Psychology will tell you that human beings are not really all that civilized a creature.  We have retained a certain number of traits that preserved our species.  One of these traits is the ‘fight or flight’ impulse when we are threatened with danger.  Our physiology automatically kicks into gear.  Adrenaline courses through our veins.  Our heart rate rises.  Our respiratory rate increases.  Our senses focus on the threat and we determine which option will suit us best.  Competition on the field of athletics allows (usually) a marginally civilized outlet for this quality.  I also played ice hockey, another ‘bloodletting’ sport, where occasionally during a fight a hockey game breaks out.

 

Think of it, though, don’t some of these primal instincts come out in other activities?  How about business?  When we’ve been knocked down by the opposition, don’t we tap into these primordial juices to get the team to bond and get creative and productive to ‘beat’ the competition?  Politics?

 

Have you ever seen a series of practical jokes that stop being funny because the series is ultimately about ‘getting even?’  Sure you have.

 

Some years ago there was a big hullabaloo in the news over a certain, so called Christian, preacher who suggested that the President of Venezuela should be assassinated.  There were all kinds of rotten things cited as the justification for this proposed retaliation.  One could even turn to scripture, to the ‘first’ testament and say: “20 fracture for fracture, eye for eye, tooth for tooth. As he has injured the other, so he is to be injured.”[1]  Read carefully, you will note that this part of the Levitical code is to limit retaliation.  Part of the whole ‘get even’ experience is really about getting ‘more than even,’ if we are truly honest.  Pat Robertson’s comments do not only exceed the limits of this part of the law, he is ignoring the words of Paul (and Jesus too, I might add).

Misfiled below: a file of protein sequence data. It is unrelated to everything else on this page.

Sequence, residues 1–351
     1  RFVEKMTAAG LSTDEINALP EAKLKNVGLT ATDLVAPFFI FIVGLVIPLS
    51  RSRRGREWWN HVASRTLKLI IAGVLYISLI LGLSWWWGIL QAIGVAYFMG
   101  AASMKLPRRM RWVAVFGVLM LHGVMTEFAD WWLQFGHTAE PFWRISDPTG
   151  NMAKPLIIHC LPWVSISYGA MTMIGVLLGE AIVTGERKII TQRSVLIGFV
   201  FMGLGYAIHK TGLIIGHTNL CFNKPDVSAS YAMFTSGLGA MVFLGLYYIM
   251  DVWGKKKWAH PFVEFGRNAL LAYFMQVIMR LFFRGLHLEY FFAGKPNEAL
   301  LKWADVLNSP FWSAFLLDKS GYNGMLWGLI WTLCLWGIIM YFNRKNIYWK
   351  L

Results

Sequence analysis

Paul writes his church in Rome.  He tells them to “hate evil” and “hold fast to that which is good”[2] The Apostle insists that it is not the Christian’s prerogative to avenge evil.  Finally, it is God alone who rights wrong and balances injustice.

 

There is something about this ‘doormat’ view of Christianity that is uncomfortable.  So what are we to do?  We all acknowledge that feelings of anger and yearning for revenge are at some level natural.  I, for one, have a hard time with the admonition to, “don’t do something, just sit there.”  Fortunately, Paul doesn’t only leave us with a theological point; God alone has the right to avenge wrong.  Paul does offer us something for me to do, if I’ll never get even.

 

Paul suggests that we can overcome evil with good.  We need not be a whipping post for every abuse that comes our way; there are times to retreat to safety.  I would never advocate for abused women to ‘turn the other cheek.’  In every case of evil, something needs to be done.  But to do something, which is always my impulse, means to skillfully use goodness and graciousness as my response.

 

What is accomplished in this, you might ask.  You might even cite the bible and say that in doing this I am “casting pearls before swine.” Maybe.  But in the short-term, if my enemy is hungry and I feed them, if they are thirsty and I give them something to drink, I avoid participation in evil myself, and I expose it for what it is.  Paul’s words to the Roman Christians do not ask us to improve the world with kindness.  He invites us to participate in a new world, a world in which our lives are signs of God’s justice and God’s rule of peace.  And yes, that isn’t the way we usually operate.

 

Amen.


[1] Leviticus 24:20

[2] Romans 12:9